Now I will turn my lens on our ancient horse, Romeo, who will be 31 this spring. Here is Romeo breakfasting in the orchard, as seen through the dining room window:
All these photos can be enlarged by clicking on them.
Romeo is the age record holder of any of the Standardbreds in our family (my parents used to breed them, buried a dozen over the decades, and still have ten). Standardbreds generally make it to 25-30 if disease or accidents don't claim them first (assuming they are allowed a retirement, which all of ours are). Arabians are somewhat longer-lived, more like 30-35, at least the working strains we are familiar with. Donkeys beat that, regularly living past 40 if well managed.
Romeo's full sister, Classic Juliet, died at age 28, after really going downhill fast with worn teeth combined with a glandular problem that turned her from normal into skeletal in weeks. When she colicked on top of this, a decision was made to put her down.
Romeo has the same problem with his teeth, which are falling out at a rapid rate now. (Our other old horses mostly haven't had tooth troubles, and certainly not to the extent of these two.) Last time his teeth were filed, the veterinarian discouraged me from getting his teeth done again - they are so loose and worn down they are likely to fall out from being rasped, and the procedure is no longer comfortable for the horse.
Amazingly, he is still managing to eat enough to keep him happy, and the quality of his life is currently good. If he gets a tooth abscess or anything like that, or becomes in any other way uncomfortable, he will be euthanased.
This is him this morning, gallivanting around our garden, where he is an honorary lawnmower:
The dog is hanging with him in her typical sheepdog style, and Don Quixote is lurking in the driveway. My lavenders are coming along well - I grew them all from cuttings. The horse doesn't interfere with them - but the donkeys would!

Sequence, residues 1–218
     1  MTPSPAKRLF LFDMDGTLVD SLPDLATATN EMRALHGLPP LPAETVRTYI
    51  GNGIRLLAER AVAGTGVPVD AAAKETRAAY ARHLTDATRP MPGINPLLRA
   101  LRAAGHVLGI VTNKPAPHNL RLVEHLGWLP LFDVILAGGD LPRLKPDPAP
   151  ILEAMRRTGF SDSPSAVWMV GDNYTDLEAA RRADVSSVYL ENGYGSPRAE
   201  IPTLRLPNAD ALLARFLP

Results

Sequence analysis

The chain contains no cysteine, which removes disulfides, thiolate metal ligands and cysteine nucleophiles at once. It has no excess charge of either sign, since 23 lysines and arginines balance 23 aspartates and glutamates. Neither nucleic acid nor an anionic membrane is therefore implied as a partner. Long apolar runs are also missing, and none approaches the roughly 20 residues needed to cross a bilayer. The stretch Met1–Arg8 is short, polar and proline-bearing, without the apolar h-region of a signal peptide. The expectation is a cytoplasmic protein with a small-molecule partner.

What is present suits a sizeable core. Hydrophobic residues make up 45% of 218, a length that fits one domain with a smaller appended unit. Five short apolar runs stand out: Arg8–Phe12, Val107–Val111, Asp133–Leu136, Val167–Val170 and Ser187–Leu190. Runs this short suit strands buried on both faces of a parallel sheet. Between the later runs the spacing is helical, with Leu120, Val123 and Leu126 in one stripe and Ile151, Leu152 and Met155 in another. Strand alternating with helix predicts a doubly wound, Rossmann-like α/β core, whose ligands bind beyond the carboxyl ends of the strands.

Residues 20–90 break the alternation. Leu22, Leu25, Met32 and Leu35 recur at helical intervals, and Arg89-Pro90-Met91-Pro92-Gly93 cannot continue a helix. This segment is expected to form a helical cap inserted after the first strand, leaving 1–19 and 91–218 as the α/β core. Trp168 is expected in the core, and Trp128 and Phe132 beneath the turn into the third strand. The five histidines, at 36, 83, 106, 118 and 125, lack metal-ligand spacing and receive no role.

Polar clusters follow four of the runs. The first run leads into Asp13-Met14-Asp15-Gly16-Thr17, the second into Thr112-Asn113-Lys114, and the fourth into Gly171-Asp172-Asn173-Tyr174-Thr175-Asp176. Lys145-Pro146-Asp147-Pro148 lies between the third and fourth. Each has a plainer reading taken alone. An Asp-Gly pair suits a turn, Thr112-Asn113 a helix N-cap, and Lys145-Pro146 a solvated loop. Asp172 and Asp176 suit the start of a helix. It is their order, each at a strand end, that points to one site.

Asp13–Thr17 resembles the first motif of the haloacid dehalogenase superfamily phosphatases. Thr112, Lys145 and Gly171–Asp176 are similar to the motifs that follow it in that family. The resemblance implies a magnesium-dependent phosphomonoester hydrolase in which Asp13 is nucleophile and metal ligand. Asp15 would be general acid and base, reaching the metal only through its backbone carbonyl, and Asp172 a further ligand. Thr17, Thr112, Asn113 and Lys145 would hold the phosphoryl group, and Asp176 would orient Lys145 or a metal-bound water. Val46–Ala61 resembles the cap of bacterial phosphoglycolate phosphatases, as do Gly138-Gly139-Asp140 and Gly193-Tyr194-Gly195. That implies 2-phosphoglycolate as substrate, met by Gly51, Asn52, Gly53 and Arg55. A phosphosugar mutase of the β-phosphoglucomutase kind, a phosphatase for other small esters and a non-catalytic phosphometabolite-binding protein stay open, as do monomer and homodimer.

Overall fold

In the foreground is Melaleuca diosmifolia
, one of Brett's favourite native shrubs, and very bird-attracting! In the background, the three-year-old Tagasaste (tree lucerne, a fodder plant) is starting to flower, which will keep our beehives happy.
Romeo really is looking very old these days, with all his grey hair and loss of muscle mass, but he still puts in a good gallop daily and races the younger horses with aplomb at feed time.
What's in his bucket these days, morning and night, is astronomical:
8-10L fine-cut oaten chaff
2L soaked horse cubes
0.5L pelleted rice bran, soaked
0.5L canola meal
1-2L unprocessed wheat bran
Alternating ground limestone and vitamin/mineral mix
Magnesium ad lib and not with the other supplements
It's a mix he is doing well on. It's a fine line when you are feeding so many concentrates to a horse that isn't working hard, but in his case, it's necessary to get the calories into him. He can no longer process hay and, apart from what's in his feed bucket, basically subsists on whatever short, tender shoots he can nip off in short lengths with his incisors. Thankfully we have green grass at least 10 months of the year, and the irrigated garden and tree lucerne during drought.
Standardbreds are considered at low risk for things like Cushings and laminitis. However, I am supplementing him with magnesium as a safeguard.
He is so bear-like in his winter fur... in summer he is sleek.
I could keep five horses on what I feed him, but we just like having him around, and he likes being around as well. We've had him in the family 27 years, and I will tell his story here some time soon, when I start a series of case studies in the rehabilitation of "problem" horses, which is how he got to our family in the first place!